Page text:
It’s cherry blossom season in Japan and there is a strong cultural tradition to celebrate both the appearance and disappearance of these tiny flowers. This sensibility, of acknowledging and contemplating perishability, runs deep in Japanese culture. We’ve been watching blossoms arrive slowly along a small river in Kyoto, the Shirakawa. The continuous streaming of water beneath the ephemeral blooms gives sensations, both celebratory and slightly melancholic, of the relentless change that permeates daily life here.
As expected, our Amulets for Infrastructure project is changing purpose and meaning as we adapt it in ways we think might make better use of it in Japan. Our neighbors here in Kyoto have helped us to gain an expanded understanding of “infrastructure.” Some of the most important forms of civic and urban “infrastructure” are human-to-human networks of communication and daily gestures of social connection. Just down the street from where we are living, a community group is working to save one of Kyoto’s traditional forms of architecture, a machiya townhouse, from demolition. They have staged a pop-up tea house and cherry blossom viewing station in a vacant lot next to the machiya—an ephemeral aperture for cherry blossom viewing and tea drinking that also informs about the group’s efforts. Such human connections are among the most vital, urgent, and reliable of “infrastructures.” The fact that this group is forging human networks on behalf of an infrastructural remnant–the machiya– makes it especially relevant to the amulets for infrastructure project.
Yesterday we passed off our first amulet for infrastructure at Cafe Kailash. It’s one of the few cafes we have encountered that openly reports that it has tested its food for radiation. We offered an amulet to the owners of the cafe to acknowledge their effort, and the importance of human and technical infrastructures that support the world’s food supplies. They then told us that mothers from northern regions of Japan have brought their children to eat at this restaurant because they could trust that the food here was safer than in their home cities.
This week, we also shared the Amulets for Infrastructure project with a group of students in fashion design at the Kyoto University of Art and Design. The students will be making their own amulets for infrastructure and we look forward to documenting and sharing the results of this collaboration in the coming weeks.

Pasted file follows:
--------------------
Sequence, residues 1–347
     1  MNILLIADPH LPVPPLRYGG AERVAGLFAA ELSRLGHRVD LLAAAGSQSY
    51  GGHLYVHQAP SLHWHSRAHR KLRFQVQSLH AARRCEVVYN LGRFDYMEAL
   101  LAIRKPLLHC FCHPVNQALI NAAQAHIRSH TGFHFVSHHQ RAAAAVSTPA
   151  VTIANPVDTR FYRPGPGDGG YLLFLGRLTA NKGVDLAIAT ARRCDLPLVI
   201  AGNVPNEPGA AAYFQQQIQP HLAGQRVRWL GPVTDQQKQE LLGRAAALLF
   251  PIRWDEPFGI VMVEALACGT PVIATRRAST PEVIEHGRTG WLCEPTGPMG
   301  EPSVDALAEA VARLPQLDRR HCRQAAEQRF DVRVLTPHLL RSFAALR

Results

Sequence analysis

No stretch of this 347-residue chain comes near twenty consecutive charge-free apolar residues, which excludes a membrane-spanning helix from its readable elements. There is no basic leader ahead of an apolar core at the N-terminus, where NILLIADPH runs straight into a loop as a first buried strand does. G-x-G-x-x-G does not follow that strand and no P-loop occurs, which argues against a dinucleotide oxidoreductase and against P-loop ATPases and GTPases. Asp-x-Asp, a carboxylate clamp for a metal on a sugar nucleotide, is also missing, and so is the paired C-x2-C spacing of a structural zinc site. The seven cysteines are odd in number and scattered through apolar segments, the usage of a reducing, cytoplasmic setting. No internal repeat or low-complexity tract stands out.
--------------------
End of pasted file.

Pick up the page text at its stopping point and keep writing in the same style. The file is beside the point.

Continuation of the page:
We encountered this stanza from J.D. McClatchy’s poem, entitled One Year Later, while reading March was Made of Yarn. It gave us one more reason to embrace the antiquated Chinese character 隨, (zui: at the mercy of the waves) and take it as inspiration:
Ministers, tell me
Why did you think that power
Would stay where it was?
Aging cores collapse
Under waves of a future
No one can live in.
The reactors stand there still.
What is left to warm or kill?
first round of Amulets for Infrastructure, image FOP 2012
Next week we head to Kyoto, Japan to kick off Amulets for Infrastructure. Over the last couple of weeks we fashioned our first series of paper amulets for the project (described further here).
For us, the Amulets for Infrastructure project is less about the idea of “luck” sometimes associated with the concept of amulets or talismans, and more a reminder of ancient knowledges that tell of the power of nonhuman forces to shape and sometimes unseat human plans, including human-built structures and infrastructures. With Amulets for infrastructure, we hope to help extend awareness that future infrastructures and built environments need to be designed and used with geologic earth forces in mind. This awareness is something that a number of people have said was “forgotten” in the design and building of infrastructures directly affected by the earthquake and tsunami in Japan last year. Nuclear power plants located at the edge of the ocean and enormous sea walls designed to deflect tsunamis gave false senses of security, and ultimately failed.
This project addresses the reality that complex and networked infrastructures of daily life put humans in relation to forces much larger than ourselves in fundamentally new ways. Through Amulets for Infrastructure we ask, “Together, how will we meet this new reality?”
Soon we’ll be distributing our paper amulets and inviting people in Japan (and elsewhere) to adapt and augment them. During the next month, we plan to document our invitations to collaborators in Japan to make their own Amulets for Infrastructure /インフラのお守り(infura no omamori).
The omamori we’ve created are about 4″ x 2″ and are the perfect size to hold a standard business card sized wish, photo, momento, or story inside. The amulets that we will distribute in Japan will have this card folded inside:
The project’s page on our website has a 5.5″ x 6.5″ omamori template that you can download and fold, origami style, into your own omamori envelope. You can watch this great DIY video to learn how to fold the origami “bar envelope” that we’ve used for ours. We are also inviting people to send us documentation of the omamori that they make, and stories about their relationship to the infrastructure they are addressing with their omamori.
While in Kyoto, we will engage with these realities with people who live in places relatively far from the Tōhoku region. Today, the behavior of an infrastructural grid or node in one place often has ramifications for entire regions, and sometimes the entire globe. Our intentions are that this project will also function practically. We hope it might contribute to efforts now being made to ensure that assumptions about infrastructures such as tsunami walls and power plants—assumptions that added to the suffering in Tōhoku and elsewhere—are questioned and redirected so that such suffering might be avoided or lessened in the future.
Words from the chairman of the Kyoto University of Art and Design from 1999 still ring true on the eve of our departure: